Thursday, April 5, 2018

Usual sights

Israel is a unique country in many ways, including typical behavior.  The following is a short list of rather commonplace phenomena that visitors might see in Israel that would surprise them but attract no notice by the locals.

Looking around, it becomes obvious, especially in certain cities, that Israelis love children.  It is not extraordinary to people out and about with four or more children in tow and a baby in hand.  The religious and Arab populations in particular tend to have large families but, in general, the more the merrier applies to children here, including two rounds of them in order to avoid empty nest syndrome. Also, numerous people, not just soldiers, pack guns openly here.  My father was rather shocked at the amount of weaponry among the guests at my first wedding.  I stopped noticing this long ago.  In terms of shopping, security guards and bag checks are routine and standard at every store and mall. Women automatically direct their bags for a check. As for fashion, due to a noticeable religious presence, some level of “modest” clothing is the norm.  In other words, a woman walking with her breasts exposed tends to attract much attention, most of negative.

Israelis in public tend to be quite friendly.  They routinely say shalom to people they meet, including strangers. Curiously, even non-religious Jews use Shabbat shalom in Friday and Saturday communication.  If someone needs directions, Israelis are very helpful if not always so knowledgeable. It is not an accident that Ways was invited by an Israeli.  He was probably tired of receiving incorrect directions. If someone collapses in an Israeli street, people drop everything and try to help.  The odds are that at least one of them is/was a medic or medical staff member. It is well known that Israelis are so happy or relieved to land safely (or return) that they often clap after the plane lands. This is a perfectly normal thing to do, right?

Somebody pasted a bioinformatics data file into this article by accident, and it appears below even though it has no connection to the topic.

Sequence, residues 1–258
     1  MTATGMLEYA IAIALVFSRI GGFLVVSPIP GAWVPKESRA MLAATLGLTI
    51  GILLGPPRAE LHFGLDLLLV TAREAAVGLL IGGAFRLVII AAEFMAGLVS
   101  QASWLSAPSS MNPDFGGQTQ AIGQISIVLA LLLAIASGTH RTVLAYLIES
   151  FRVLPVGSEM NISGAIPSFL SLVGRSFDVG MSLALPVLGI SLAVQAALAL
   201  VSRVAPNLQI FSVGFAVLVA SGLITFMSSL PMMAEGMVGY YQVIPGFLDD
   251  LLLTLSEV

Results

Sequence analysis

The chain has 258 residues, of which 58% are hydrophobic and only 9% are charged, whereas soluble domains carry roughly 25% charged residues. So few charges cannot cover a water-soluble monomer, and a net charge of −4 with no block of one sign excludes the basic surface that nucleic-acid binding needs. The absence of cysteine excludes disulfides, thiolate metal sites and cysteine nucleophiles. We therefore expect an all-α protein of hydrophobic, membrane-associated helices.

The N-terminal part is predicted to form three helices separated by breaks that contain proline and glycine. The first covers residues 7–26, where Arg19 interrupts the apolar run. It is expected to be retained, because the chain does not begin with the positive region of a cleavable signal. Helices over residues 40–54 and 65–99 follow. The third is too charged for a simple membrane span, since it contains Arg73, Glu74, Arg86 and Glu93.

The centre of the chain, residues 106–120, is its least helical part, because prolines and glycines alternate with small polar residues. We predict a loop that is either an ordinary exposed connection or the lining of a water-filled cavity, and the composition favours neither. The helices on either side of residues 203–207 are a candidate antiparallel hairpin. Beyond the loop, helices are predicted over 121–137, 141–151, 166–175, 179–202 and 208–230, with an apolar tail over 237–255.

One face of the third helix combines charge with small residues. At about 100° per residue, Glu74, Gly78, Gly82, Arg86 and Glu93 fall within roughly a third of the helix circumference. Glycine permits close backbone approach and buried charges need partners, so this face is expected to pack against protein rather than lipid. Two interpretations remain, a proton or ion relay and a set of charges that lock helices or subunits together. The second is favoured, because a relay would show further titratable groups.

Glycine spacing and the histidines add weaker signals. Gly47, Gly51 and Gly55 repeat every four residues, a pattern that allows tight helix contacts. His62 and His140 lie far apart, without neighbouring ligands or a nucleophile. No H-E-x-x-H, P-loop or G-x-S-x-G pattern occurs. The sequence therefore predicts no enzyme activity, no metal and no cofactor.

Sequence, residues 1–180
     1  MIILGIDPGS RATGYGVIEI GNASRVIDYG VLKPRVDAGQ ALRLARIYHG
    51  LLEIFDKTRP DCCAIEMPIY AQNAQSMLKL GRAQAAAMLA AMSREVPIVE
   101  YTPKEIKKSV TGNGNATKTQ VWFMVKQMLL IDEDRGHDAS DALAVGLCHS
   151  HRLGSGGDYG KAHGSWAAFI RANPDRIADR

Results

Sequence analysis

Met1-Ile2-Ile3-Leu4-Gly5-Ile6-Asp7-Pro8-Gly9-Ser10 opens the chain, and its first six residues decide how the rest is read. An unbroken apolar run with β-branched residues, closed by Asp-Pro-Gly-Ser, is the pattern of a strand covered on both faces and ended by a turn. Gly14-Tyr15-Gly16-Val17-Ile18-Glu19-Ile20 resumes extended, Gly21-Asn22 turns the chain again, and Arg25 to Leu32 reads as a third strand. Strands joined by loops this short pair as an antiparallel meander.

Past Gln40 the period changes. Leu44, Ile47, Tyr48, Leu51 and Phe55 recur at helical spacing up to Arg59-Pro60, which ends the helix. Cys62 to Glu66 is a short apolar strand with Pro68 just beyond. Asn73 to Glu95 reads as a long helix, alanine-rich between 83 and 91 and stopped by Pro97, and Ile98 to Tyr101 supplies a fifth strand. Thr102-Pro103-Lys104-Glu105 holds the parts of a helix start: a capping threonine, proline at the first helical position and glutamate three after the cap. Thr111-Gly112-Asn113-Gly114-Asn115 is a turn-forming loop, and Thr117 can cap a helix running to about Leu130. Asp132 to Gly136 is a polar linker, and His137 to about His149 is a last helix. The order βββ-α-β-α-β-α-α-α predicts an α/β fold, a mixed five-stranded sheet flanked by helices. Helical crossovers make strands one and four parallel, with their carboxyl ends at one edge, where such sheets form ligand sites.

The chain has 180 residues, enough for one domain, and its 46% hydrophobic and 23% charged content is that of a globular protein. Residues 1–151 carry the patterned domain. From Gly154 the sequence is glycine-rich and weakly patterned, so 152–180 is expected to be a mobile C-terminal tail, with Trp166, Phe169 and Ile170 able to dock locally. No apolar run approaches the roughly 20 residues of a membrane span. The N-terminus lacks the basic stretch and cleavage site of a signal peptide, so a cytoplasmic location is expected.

Alas, not everything is rosy. Israelis, like most people in the Mediterranean basin, tend to be aggressive drivers. Woe to the sleepy driver at light that turns green.  A sharp honk is quick to come. Also, the parking shortage in many Israeli cities brings out the worst of its hypertense residents as expressed in countless shouting matches for precious parking spots.  Age and gender have no impact on the ferocity of these territorial battles. On a more dangerous note, certain groups for ideological reasons periodically express their opposition to others by throwing rocks at passing vehicles.  The most notable perpetrators are the ultra-orthodox on holidays on any car that dare disturbs their peace, including ambulances sometimes, and radicalized Muslim Arabs, generally youth, that want to emphasize their non-Israeli identity by punishing cars with Israeli license plates.  Fortunately, this is not common but still somewhat expected at certain times of the year.

I wish to add a few words on behavior.  In terms of food, Israelis find it perfectly normal to eat vegetables for breakfast and a large lunch, not dinner. In terms of main dishes, alongside the usual carnivores, Israel has the highest percentage of vegans in the world, which is good news for travelling vegetarians. In terms of travel, due to the limited size of the country, even those who own cars often choose to travel to another city by bus if not train.  Intercity flights are generally not practical. Israelis, even those try to ignore it, are addicted to the news.  No news is truly good news here but unfortunately all too rare. Hebrew being of limited value outside of Israel and a few spots in the United States, Thailand and Turkey, just about all Israelis know English, albeit not quite as well as they think they do. They happily apply this language skill in helping stranded tourists and ordering items from the Internet.

Granted, some countries share part of these behaviors but Israel is still a unique experience for a visitor.

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